A bewitching path


Castles conjure up rich historical imagery. These commanding stone structures elicit thoughts of a bygone era where the iron fist of nobility and armoured battles were commonplace. For the third instalment of our castle recreation series, we take you to a place in East Flanders with an especially wicked past.

Castle Laarne’s haunting past is revealed along a seemingly innocent walk

Castles conjure up rich historical imagery. These commanding stone structures elicit thoughts of a bygone era where the iron fist of nobility and armoured battles were commonplace. For the third instalment of our castle recreation series, we take you to a place in East Flanders with an especially wicked past.

The town of Laarne lies just east of Ghent and is home to Castle Laarne, one of the most well preserved, feudal water castles in Belgium. In the early 1600s, Laarne and the adjacent village of Kalken were the sites of witch hunts. Several accused witches were imprisoned in the keep of the castle, where they were interrogated and tortured. Four of these were later burned at the stake.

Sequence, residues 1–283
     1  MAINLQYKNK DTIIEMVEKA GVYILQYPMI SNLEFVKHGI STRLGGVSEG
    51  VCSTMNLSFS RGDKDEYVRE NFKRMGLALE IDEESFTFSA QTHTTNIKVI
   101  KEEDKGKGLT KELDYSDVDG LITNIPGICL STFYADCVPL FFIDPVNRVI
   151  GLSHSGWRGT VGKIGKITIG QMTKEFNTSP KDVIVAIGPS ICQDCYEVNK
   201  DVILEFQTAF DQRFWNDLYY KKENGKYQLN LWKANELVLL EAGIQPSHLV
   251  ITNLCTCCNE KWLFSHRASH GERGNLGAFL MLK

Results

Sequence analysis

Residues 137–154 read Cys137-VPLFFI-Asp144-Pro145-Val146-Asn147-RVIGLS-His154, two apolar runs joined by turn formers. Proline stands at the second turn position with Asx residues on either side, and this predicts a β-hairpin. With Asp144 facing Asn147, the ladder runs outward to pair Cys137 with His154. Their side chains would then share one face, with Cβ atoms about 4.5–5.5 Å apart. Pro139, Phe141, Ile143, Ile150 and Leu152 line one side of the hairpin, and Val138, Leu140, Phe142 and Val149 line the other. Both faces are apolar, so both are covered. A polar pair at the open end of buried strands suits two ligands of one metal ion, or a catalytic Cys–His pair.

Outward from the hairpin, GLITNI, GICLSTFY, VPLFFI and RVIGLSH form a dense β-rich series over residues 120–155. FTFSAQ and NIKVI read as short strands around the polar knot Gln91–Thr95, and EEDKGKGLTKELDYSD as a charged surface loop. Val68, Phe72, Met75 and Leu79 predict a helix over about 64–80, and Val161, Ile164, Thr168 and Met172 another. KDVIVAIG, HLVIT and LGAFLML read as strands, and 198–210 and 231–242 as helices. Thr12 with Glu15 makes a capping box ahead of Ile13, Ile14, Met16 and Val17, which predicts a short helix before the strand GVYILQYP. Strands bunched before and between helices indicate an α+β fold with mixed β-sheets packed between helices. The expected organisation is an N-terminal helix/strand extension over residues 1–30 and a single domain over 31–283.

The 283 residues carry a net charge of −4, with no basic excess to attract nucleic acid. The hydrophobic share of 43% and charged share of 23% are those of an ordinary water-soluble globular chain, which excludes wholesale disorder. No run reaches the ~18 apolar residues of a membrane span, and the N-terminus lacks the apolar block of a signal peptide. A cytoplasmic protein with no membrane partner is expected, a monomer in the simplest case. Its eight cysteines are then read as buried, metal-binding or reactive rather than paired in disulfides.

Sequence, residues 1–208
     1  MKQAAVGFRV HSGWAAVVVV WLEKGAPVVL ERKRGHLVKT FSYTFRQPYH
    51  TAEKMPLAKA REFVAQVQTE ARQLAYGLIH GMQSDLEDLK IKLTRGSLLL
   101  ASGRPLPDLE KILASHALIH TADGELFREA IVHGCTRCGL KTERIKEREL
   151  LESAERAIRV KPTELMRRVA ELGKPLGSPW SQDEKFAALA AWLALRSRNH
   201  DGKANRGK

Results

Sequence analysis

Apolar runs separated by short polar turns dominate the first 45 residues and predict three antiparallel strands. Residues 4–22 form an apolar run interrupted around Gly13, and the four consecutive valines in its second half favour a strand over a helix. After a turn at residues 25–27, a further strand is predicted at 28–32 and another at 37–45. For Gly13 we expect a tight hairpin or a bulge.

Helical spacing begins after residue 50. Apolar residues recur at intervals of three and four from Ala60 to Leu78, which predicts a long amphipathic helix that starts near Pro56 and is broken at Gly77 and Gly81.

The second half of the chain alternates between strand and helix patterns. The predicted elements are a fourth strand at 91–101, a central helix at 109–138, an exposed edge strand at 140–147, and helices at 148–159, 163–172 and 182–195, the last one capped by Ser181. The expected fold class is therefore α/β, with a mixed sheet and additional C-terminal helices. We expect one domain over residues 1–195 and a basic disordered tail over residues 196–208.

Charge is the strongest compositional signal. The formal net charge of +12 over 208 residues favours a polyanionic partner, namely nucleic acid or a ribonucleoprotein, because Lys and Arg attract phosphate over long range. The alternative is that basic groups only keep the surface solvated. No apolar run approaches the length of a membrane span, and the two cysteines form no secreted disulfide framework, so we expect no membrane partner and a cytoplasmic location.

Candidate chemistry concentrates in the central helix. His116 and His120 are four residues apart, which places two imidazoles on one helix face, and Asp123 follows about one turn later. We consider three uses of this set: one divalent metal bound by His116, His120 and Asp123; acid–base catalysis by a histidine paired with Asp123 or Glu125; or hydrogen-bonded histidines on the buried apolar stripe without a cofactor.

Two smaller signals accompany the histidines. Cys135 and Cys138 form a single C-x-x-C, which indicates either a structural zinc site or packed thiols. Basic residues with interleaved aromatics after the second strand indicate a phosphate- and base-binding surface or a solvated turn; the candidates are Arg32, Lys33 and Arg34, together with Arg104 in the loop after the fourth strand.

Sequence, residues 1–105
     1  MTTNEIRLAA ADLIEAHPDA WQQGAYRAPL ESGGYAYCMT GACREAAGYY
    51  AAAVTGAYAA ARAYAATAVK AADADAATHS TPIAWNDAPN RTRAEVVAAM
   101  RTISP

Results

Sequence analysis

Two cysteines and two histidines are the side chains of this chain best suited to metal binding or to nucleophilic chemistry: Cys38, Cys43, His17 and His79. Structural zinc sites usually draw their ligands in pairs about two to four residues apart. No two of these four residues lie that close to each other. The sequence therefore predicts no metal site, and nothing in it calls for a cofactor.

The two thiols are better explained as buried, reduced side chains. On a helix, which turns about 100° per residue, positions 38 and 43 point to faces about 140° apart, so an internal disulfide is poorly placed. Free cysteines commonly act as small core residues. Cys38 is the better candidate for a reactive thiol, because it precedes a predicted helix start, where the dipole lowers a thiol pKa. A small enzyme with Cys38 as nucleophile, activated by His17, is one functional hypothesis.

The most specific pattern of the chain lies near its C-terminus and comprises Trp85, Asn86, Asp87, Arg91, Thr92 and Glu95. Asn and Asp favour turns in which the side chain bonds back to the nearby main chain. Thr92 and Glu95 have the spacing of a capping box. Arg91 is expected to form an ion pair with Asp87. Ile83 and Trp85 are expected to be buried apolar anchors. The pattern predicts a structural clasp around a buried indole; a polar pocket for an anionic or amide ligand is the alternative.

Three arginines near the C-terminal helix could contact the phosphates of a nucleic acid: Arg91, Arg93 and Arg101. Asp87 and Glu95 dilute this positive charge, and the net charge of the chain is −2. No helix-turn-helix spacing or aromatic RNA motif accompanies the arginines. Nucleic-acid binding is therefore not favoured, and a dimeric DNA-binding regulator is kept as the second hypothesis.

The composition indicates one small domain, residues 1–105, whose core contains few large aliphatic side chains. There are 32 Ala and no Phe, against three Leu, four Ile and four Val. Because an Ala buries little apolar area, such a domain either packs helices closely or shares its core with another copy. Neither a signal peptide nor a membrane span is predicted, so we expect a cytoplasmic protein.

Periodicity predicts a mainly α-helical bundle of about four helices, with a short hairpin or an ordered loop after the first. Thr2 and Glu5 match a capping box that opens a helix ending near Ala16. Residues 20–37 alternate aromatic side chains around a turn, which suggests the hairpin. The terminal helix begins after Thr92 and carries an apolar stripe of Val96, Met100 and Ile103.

A few years back, some creative and clever women convinced the towns to embrace this sordid history. The Heksengilde (Witches Guild) is a group of eight women who regularly don capes and pointy black hats in order to promote tourism and historical interest in their communities.

The Heksengilde worked with the area tourist council to establish the Heksenpad (Witches Path) in 2007 as a way to commemorate the 400-year anniversary of the witch burnings.

The Witches Path

The Heksenpad is a walking or biking path that references Laarne and Kalken’s dark but fascinating witchhunt history. You can get a map of it at the Laarne tourist office. The map includes historical information, and there are also placards along the route with information in Dutch.

I chose to bike the 20-kilometre Heksenpad due to its length, but there are some portions of the path that are more suited to walking if you have the time. The route is well marked with white hexagonal signs, which are easy to follow if you’re on foot, but which can be a bit elusive if you’re cycling. I suggest procuring a map to avoid getting too lost.

You start your trip at the castle, cycling east on Kasteeldreef. Follow the signs until the road turns to dirt. You’ll see mainly farmland here with some trees along the edges. When you get to a bend in the road, take a right. This is where Janne Callens, midwife and suspected witch, had a homestead. Callens is one of the four unfortunate souls to have been burned at the stake back in 1607.